In Your Corner: What Happens … After?

what's next

There’s a lot that goes into bringing a book to the point of publication … but there’s a lot that comes after, too–as you likely already know, since you’re here and reading this post.

So … where to start? Planning out what you’re going to do now that your book has been published–or if you’re one of the more prescient among us and are looking ahead, when your book has been published–is almost as important as writing your book. Not quite, maybe. You wouldn’t have a book to market if you didn’t actually write the thing, so there’s that. But it’s undeniable that a careful, thoughtful, and strategic plan for what comes after–after the writing, after the publication–is vital to making sure your book actually sells.

I have a couple of questions to help you get started, questions which might just shape how you go forward after publication:

  1. Do you plan on selling your book on your own at a local event or book signing? If yes, make sure to watch what your publisher charges you for book copies. There’s quite a lot of legalese and fine print to parse, especially when we’re talking about vanity presses and self-publishing companies which privilege profit over people. If you don’t understand immediately how much your author copies will cost, both now and in the future, it’s probably a sign that the company in question is trying to make it hard to understand. And that’s never a good sign. Go with a company which goes out of its way to make the author copy situation and pricing transparent and easy to understand! And one which offers you a consistent discount. No matter who you go with as your publisher, you’ll want some physical copies on hand. They’re amongst the best marketing tools you have!
  2. Are you planning on selling your book online? Watch out for the prices of other books in the same genre or content area; pricing your book correctly will go a long way toward making sure it sells. Don’t trust Google to answer the pricing question for you, either … thousands upon thousands of blog posts and pieces have been written in the past to explain the intricacies of the Amazon marketplace, but the situation with online retailers like Amazon and B&N is always fluid and changing, so even if we’re talking about an article written this year, the information may already be out of date. There’s a fine line between overvaluing and undervaluing your book; the former will cut into your sales figures, and the latter will make it hard to turn a profit, no matter how many copies you sell! The best policy is to do your own market research–and this is doubly useful, since you will learn a lot about how books similar to yours make use of the digital sales space–with giveaways, sales copy, and linkages across social media.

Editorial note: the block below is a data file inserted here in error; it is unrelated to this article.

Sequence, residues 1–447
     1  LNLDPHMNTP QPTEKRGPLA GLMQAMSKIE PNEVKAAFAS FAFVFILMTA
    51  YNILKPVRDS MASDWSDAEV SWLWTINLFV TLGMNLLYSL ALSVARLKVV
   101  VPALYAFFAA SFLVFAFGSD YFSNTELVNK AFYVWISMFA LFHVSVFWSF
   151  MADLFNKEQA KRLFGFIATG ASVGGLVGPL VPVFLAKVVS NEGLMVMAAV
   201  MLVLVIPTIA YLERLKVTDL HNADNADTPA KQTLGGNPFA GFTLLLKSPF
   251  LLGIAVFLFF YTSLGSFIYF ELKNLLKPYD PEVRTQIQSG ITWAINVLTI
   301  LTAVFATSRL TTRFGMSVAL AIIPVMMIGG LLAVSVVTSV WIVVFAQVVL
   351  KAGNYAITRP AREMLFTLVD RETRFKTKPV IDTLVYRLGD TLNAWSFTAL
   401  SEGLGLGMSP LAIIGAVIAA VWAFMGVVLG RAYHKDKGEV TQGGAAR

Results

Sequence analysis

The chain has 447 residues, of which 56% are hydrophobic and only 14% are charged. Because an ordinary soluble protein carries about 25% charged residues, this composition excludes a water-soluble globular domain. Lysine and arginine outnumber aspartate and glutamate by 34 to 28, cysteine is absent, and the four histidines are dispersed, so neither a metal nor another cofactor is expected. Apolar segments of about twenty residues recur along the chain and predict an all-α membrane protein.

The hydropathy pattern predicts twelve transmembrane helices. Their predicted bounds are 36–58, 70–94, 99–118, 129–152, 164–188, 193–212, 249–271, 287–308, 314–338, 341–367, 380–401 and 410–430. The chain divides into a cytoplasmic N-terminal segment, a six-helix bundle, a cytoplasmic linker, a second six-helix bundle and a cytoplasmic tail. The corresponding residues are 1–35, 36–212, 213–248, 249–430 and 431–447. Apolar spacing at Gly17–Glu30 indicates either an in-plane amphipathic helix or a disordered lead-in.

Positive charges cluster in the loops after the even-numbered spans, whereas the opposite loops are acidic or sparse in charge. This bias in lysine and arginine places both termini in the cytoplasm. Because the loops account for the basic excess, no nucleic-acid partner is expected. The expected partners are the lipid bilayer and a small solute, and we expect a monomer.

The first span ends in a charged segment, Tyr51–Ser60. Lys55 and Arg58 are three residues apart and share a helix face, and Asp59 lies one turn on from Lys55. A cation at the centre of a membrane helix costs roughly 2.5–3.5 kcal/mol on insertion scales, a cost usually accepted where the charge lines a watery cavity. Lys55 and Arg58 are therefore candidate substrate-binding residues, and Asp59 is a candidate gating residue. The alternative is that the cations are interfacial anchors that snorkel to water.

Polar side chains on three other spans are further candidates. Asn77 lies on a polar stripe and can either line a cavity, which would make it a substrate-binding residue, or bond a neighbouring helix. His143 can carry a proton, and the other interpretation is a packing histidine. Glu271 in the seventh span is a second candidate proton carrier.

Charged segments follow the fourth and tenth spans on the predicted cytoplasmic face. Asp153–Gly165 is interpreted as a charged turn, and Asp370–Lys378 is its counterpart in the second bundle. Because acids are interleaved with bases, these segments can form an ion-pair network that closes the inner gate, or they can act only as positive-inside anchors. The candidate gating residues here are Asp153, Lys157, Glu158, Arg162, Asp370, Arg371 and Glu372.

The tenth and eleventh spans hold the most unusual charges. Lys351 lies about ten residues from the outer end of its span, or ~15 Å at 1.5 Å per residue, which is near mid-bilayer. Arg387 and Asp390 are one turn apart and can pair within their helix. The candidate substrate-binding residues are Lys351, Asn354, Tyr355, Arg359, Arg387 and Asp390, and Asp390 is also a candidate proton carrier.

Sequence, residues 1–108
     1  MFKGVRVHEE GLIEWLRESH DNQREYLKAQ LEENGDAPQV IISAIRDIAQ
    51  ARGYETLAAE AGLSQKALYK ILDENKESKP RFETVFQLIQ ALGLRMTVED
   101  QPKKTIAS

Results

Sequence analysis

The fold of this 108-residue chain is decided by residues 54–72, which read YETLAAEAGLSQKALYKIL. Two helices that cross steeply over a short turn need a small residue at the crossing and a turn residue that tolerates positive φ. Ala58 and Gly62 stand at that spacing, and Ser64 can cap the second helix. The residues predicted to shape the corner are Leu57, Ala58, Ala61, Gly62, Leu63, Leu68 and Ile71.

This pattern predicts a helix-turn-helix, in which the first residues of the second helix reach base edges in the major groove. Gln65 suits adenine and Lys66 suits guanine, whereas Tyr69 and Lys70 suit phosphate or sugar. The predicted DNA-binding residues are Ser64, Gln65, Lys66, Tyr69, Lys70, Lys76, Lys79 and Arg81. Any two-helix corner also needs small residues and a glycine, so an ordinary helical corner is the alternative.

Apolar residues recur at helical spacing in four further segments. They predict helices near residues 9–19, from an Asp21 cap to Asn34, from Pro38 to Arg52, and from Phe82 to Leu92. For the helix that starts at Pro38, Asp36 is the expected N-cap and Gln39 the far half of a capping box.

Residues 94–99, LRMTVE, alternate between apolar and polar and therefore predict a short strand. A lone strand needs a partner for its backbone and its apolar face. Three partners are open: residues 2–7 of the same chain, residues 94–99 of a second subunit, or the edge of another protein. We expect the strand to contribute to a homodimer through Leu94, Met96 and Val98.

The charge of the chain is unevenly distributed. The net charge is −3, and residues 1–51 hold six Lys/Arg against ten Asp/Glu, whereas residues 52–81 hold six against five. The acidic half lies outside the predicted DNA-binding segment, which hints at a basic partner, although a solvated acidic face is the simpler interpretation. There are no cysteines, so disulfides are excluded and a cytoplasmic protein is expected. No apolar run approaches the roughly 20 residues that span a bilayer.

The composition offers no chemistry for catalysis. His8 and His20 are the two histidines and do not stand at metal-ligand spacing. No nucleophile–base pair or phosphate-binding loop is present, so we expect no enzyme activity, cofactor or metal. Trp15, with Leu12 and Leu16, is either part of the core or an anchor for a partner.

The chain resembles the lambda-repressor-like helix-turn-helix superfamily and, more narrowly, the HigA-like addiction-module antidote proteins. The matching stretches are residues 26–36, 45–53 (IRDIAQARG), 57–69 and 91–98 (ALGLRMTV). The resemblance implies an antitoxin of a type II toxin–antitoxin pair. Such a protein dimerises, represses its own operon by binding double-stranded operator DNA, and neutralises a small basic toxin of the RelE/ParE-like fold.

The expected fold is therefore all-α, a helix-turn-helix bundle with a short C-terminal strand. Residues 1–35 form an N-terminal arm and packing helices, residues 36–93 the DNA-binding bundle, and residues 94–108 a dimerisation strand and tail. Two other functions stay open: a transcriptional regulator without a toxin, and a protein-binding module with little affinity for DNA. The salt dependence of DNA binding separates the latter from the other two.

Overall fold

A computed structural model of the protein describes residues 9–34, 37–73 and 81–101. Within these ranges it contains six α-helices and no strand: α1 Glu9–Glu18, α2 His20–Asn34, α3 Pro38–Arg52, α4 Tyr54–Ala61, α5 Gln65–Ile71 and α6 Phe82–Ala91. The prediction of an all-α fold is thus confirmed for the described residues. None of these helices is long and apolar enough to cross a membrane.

And look, it’s okay if you’re not yet through the publishing process. It’s always a good time to plan ahead. In fact, knowing what you’re going to do after your book is published will help you select the right publisher to fit you and your book in the first place! Before you open your pocketbook and give someone your money, you absolutely should consider all of the fine print and the advantages available to you … both during the publishing process itself, and during the marketing and support periods which come after.

Luckily, you and I both live in a day and age when there are plenty of options available, so you rather have your pick of the buffet. Some publishing companies are long on publishing assistance and short on marketing, and others are the opposite. Some offer stellar services across the board … but at a price which is too high for the average self-publishing author. And others … others walk the tight rope between quality services and affordability, and walk it well. The key to making the most of your money is to have a good sense of what has to come after publication, what you want to come after, and how your existing resources and skill sets fit into the picture. Your priorities are paramount, and have everything to do with crafting a solid plan for your book’s future.